By Caitlyn Jules Malilay
Unfortunately, one flick with a wand and sprinkle of magic cannot make Parkinson’s Disease disappear for 48-year-old David Rabotnick, COC nursing student, husband, and father of two sons also majoring in medicine.
Parkinson’s Disease is a disorder of the central nervous system. It causes either tremors or muscle degeneration and is more common in men than women. “Parkinson’s is the second most common age-related neurodegenerative disorder after Alzheimer’s. An estimated seven million to 10 million people [across the globe are diagnosed],” according to Parkinson’s News Today.
“The muscles on my left side of the body can never be relaxed. They are always stiff,” David says. “I was diagnosed 3 years ago,” he pauses, thinking of how it affects his everyday life. “and things that require fine motor skills have been switched to the right side of my body.”
Apart from having this condition, David enjoys doing magic during his leisure time. “It’s my primary entertainment and I use it as therapy,” he says happily. “I took up with magic [rather] than boring exercises.” He also has a YouTube channel where he can be seen performing tricks, , called Slow-Motion Magic.
“Every Sunday, I upload a video of me doing magic which is challenging,” David says.
Next Sunday, he plans on making a few adjustments to his videos where he will tell a fact about Parkinson’s while at the same time, continuing to encourage people to donate to the Michael J. Fox Foundation. “They’re the largest, most productive foundation for fighting Parkinson’s.” Michael J. Fox, most known for playing Marty in the classic 1980s film series, Back To The Future, was diagnosed when he was only 29 years old. He created the foundation to help find a cure for this little monster.
In the bio of David’s YouTube channel, he has links, where you can help donate money.
David’s 20-year-old son Jason Rabotnick was only a teenager finishing high school when he heard the devastating news. It came to him like a sudden, unforeseen thunderstorm. A dark, gray cloud had formed over him and a mix of emotions went rambling through his head when he found out that his father was diagnosed with this condition.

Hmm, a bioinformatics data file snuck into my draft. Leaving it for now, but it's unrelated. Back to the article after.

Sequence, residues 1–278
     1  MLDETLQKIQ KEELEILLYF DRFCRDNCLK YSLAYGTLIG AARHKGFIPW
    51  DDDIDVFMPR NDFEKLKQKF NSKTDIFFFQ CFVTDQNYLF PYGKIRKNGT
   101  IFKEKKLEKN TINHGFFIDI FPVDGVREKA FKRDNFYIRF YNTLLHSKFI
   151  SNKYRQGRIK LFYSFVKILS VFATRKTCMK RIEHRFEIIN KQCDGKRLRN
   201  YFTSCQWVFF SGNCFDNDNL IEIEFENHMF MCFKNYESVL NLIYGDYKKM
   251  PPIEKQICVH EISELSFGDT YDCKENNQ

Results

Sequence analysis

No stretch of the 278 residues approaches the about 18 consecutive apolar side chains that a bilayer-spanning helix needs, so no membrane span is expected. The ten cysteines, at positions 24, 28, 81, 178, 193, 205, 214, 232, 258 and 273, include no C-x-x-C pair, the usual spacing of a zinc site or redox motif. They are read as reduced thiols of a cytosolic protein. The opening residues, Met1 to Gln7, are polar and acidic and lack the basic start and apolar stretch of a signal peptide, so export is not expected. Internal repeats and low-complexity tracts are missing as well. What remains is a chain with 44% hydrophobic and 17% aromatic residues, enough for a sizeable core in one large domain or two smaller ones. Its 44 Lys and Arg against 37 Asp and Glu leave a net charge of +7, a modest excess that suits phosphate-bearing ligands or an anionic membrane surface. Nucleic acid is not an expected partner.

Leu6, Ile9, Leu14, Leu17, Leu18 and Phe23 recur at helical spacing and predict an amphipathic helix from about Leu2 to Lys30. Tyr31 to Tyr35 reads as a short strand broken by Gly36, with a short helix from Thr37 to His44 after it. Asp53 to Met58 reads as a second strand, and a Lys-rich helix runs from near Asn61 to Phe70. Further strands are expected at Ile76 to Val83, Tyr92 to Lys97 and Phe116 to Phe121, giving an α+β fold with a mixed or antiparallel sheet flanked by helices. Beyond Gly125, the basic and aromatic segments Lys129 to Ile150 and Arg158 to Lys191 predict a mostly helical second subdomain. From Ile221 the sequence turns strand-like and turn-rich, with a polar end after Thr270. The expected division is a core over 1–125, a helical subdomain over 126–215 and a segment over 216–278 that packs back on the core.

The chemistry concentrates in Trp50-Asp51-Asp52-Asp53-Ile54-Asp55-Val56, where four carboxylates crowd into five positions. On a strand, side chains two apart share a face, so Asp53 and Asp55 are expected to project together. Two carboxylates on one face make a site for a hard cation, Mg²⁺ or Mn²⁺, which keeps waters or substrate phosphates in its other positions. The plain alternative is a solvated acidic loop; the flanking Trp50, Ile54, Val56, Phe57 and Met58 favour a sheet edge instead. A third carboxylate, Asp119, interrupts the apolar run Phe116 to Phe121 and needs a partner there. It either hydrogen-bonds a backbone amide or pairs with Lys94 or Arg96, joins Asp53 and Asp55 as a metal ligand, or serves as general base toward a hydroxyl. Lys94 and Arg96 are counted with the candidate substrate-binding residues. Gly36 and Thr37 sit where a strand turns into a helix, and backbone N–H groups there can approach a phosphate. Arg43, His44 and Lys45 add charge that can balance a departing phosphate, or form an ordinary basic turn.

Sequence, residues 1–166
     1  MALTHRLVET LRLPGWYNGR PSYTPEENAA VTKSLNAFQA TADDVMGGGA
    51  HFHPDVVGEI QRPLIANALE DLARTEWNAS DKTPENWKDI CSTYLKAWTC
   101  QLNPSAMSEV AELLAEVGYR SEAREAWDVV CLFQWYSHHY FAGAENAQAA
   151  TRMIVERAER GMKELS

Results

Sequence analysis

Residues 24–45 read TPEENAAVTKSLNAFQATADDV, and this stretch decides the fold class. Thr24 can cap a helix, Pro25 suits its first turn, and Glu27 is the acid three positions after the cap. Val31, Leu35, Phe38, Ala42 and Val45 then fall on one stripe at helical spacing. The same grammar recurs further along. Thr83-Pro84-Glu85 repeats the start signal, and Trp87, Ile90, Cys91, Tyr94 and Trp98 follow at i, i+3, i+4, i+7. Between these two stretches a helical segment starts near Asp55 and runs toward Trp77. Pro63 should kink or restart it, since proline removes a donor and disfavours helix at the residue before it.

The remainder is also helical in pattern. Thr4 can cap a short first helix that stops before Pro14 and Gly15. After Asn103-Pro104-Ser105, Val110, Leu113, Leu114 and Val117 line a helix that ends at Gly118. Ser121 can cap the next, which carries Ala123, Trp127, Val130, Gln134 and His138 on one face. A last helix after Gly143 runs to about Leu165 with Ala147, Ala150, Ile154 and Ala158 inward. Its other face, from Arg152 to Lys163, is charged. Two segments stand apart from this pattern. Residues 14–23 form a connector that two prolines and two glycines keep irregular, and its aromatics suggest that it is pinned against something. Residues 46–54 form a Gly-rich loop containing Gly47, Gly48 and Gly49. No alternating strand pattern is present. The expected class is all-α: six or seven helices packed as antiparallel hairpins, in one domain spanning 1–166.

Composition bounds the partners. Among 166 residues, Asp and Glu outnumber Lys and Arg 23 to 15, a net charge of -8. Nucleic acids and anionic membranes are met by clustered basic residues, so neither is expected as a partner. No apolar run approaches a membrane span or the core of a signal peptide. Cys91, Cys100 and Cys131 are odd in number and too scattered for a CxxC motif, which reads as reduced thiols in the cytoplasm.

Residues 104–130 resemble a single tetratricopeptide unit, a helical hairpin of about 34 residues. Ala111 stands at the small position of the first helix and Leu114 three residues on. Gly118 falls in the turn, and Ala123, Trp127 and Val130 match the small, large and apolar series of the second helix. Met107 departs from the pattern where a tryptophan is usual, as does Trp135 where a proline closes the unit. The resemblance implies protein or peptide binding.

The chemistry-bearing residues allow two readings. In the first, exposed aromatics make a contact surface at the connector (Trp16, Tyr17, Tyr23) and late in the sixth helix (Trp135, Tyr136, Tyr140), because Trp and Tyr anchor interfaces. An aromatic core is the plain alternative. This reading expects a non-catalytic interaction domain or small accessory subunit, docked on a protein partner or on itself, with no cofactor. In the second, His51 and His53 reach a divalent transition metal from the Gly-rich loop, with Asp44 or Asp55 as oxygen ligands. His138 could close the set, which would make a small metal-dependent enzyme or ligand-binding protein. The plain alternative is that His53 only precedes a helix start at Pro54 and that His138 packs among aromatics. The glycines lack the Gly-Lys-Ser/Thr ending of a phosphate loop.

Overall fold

“I think I was scared because, aside from not knowing whether or not it was genetic, and therefore, was something that I should fear for myself, it made me view my dad as mortal,” Jason says. It’s hard for him to recall his exact emotions, for it was so long ago, and is a memory that must be concealed in a jar, and only opened when asked.
Out of all the magicians, David’s favorite is Jay Sankey, a Canadian famously known from Canada. He likes how “he is more of a fun, less serious magician” and “has a more clear sense and love for magic”, unlike others who forget “to connect with the audience.” He would love to work at the Magic Castle, but doesn’t feel as talented as other magicians.
There is no cure for Parkinson’s yet, but it can be managed by medicine. “As time goes by, the medications need to be more aggressive. There’s no cure, just dealing with the symptoms,” David says.
“Thank God thee symptoms are well managed,” Jason says. Parkinson’s is barely a barrier between him and his father. It does not limit the things that him and his father have done before the diagnosis. “Because the symptoms are well managed, there is very little help he needs from me.”
As his condition progresses, David realizes, “There is going to be a point where I can’t be a bedside nurse,” he says. His plan is to “go into lecturing as nursing professor.” Even though things don’t go as planned in life, there is a way to go around it and not let the enemy hold you back.
“My favorite magic trick is probably the one called Burn ‘em, and it’s my favorite primarily because my wife enjoys it,” David says. He does a little bit of magic outside of his YouTube channel as well. “I do a little bit of street magic, Starbucks, and I’ve done some party magic.” By party magic, he is referring to doing performances for birthday celebrations and such. He charges $100 an hour per show.
The fact that he was diagnosed does affect Jason’s life decisions. His original plan was to “move to Israel during the summer”, but he was “advised by somebody very close” to him to stay in the United States and finish school. “A big reason as to why that I stayed in America is because I know that when I finish nursing school and if, God forbid, my dad’s symptoms progressed, I’m sure that I will be there to help him,” Jason says.
David Rabotnick is one of many fighters in a duel against Parkinson’s disease. Not only is he an inspiration to others by not letting an unforeseen circumstance defeat him or his dreams of becoming a nurse, he is also a magician. Sadly though, there is no cure or magic trick to make Parkinson’s disease disappear. “The fact that he was diagnosed with Parkinson’s and is still pursuing in nursing, it’s an inspiration for me that I should follow through what I want to do,” Jason says.